Residents talk to a panel of health officials during the ‘A Conversation About Health Care’ event at the Parksville Community Centre on Friday, May 10. — Michael Briones photo

Residents talk to a panel of health officials during the ‘A Conversation About Health Care’ event at the Parksville Community Centre on Friday, May 10. — Michael Briones photo

Lack of doctors one of many concerns raised by Parksville Qualicum Beach residents

No major recruitment of family physicians currently ongoing

The lack of family physicians is one of many concerns raised by residents at a public meeting organized by the Oceanside Division of Family Practice.

Unfortunately, according to Dr. Mark Morris, there is currently no major effort to recruit new doctors to the area. Morris shared the information to residents who attended ‘A Conversation About Health Care’ event at the Parksville Community Centre on Friday, May 10. A similar event was also held Thursday night (May 9) at the Qualicum Beach Civic Centre.

“There’s no clinic requesting a family physician,” Morris told residents. “There’s no kind of committee that kind of looks at that and says there should be an X-number of family physicians in an area. It’s basically then luck, chance, circumstance.”

Morris told The News it’s doctors that often do the recruiting to fill vacancies in their practice or to replace themselves. A Qualicum Beach clinic had to close down as it had difficulties recruiting doctors to the area.

Morris was one of the panel members at the meetings that included Parksville Qualicum Beach physician Gina Bell, nurse practioner Rosemary Graham, Island Health’s director of public health, Jan Tatlock, and Island Health’s executive medical director, Ben Williams. They listened to concerns and issues raised by residents and also answered some of their queries.

The Oceanside Division of Family Practice, a local non-profit society of community-based primary care physicians, in collaboration with Island Health is looking for a way to improve health care services in the region.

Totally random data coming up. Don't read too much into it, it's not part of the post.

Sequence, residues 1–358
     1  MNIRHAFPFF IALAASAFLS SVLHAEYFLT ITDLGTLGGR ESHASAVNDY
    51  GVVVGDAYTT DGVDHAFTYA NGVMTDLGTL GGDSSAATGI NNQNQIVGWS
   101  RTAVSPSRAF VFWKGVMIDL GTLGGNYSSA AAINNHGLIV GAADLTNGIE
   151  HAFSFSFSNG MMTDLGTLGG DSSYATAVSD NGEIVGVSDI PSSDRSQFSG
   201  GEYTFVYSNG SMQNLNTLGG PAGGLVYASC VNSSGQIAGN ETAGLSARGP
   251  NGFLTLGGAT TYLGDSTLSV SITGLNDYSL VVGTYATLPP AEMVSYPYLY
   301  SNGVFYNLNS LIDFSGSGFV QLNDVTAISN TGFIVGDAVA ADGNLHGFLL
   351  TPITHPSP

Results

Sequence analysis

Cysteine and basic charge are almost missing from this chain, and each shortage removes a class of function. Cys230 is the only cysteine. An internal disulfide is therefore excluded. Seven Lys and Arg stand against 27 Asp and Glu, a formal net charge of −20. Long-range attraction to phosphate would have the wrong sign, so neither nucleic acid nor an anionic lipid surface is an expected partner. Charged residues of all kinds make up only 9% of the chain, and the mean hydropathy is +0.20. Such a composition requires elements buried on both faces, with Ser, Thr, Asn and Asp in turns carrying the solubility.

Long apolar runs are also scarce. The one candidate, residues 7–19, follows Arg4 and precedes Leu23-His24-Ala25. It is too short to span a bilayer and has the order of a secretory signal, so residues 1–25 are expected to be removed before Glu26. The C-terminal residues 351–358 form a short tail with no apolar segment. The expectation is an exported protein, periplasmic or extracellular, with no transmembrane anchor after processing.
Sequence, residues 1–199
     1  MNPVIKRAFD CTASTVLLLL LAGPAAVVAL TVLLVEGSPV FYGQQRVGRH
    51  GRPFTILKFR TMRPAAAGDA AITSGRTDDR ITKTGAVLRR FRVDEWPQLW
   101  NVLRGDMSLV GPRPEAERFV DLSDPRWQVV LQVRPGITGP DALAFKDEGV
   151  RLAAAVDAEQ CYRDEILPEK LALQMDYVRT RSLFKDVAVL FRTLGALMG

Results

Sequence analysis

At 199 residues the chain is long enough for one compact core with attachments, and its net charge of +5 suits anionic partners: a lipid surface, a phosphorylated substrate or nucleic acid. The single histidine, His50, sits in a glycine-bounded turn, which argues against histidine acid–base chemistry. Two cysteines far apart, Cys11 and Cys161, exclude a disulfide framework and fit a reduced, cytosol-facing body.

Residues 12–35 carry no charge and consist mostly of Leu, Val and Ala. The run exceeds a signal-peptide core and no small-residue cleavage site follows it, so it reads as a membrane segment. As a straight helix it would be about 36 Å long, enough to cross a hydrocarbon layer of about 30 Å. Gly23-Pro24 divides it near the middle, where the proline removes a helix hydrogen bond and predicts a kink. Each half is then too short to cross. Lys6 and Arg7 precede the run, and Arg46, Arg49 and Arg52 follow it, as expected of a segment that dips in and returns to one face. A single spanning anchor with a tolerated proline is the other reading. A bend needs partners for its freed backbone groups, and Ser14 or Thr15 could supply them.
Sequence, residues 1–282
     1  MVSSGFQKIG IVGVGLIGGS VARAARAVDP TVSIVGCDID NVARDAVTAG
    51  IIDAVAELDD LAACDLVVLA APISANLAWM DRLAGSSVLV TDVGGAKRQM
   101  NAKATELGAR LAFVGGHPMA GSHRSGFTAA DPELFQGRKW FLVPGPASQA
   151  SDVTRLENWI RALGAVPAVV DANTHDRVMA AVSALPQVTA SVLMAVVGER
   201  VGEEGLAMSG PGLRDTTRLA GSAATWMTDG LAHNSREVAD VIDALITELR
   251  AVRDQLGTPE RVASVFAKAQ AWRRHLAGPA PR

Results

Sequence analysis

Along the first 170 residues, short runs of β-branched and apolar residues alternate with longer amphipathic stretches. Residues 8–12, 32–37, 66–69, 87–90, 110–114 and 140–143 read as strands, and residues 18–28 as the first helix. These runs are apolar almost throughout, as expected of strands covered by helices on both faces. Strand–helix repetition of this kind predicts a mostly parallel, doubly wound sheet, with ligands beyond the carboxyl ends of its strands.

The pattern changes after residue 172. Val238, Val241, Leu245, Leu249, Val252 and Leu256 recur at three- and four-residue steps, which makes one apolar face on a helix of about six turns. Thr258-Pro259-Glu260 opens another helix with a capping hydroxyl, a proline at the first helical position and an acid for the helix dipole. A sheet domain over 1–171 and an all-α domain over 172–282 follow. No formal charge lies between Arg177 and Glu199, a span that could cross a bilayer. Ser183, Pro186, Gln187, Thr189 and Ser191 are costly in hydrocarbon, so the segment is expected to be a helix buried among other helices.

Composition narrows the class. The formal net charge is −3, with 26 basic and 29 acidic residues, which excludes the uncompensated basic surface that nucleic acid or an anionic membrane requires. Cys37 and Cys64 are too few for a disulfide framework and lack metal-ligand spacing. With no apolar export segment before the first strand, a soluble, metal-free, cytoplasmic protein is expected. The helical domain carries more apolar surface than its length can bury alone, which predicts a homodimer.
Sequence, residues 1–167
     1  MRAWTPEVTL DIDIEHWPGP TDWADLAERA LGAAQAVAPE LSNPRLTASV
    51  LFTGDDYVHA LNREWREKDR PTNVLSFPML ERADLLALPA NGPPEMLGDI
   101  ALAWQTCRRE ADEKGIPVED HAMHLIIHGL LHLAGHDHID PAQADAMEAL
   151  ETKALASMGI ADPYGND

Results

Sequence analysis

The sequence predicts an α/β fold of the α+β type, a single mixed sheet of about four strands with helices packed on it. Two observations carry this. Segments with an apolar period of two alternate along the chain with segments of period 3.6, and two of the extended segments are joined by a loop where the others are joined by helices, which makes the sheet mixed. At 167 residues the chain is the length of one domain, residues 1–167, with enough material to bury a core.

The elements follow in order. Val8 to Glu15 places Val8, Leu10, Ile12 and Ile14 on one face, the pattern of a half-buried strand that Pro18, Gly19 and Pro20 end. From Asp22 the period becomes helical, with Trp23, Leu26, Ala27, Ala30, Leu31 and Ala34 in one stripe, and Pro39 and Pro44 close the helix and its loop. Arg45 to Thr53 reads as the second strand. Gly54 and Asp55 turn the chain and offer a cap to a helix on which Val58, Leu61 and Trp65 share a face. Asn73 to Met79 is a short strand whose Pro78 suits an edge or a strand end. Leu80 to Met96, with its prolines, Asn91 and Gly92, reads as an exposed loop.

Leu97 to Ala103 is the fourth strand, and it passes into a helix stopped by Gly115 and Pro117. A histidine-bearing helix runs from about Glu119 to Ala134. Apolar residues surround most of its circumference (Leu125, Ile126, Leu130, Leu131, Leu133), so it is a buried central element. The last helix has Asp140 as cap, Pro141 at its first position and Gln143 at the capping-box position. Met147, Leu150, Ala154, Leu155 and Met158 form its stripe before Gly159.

READ MORE: Canadians worried about health care more than carbon tax: poll

Evelyn Clark, executive director of the ODFP, said all the input collected from three community engagements as well as from talks with family physicians, nurse practitioners, urgent care physicians, palliative care network, Snaw-Naw-As clinic, Perfect Storm Group and managers from Island Health’s community, mental health and public health programs will be used to create a three-year sevice plan that will be submitted to the Ministry of Health for funding considerations.

The most common concerns expressed by residents during the two public meetings were the lack of physicians, longer wait times, difficult access to medical services, inadequate health resources and funding.

Clark said the service will focus on three areas — attachment to doctors, increasing access and integrating services. They aim to submit the service plan to the ministry by the end of June.

“We are hoping to work with the the ministry and to be able activate the service plan within a year,” said Clark.

The plan will include establishing a multi-discipline facility that will involve different health care providers such as registered nurse.

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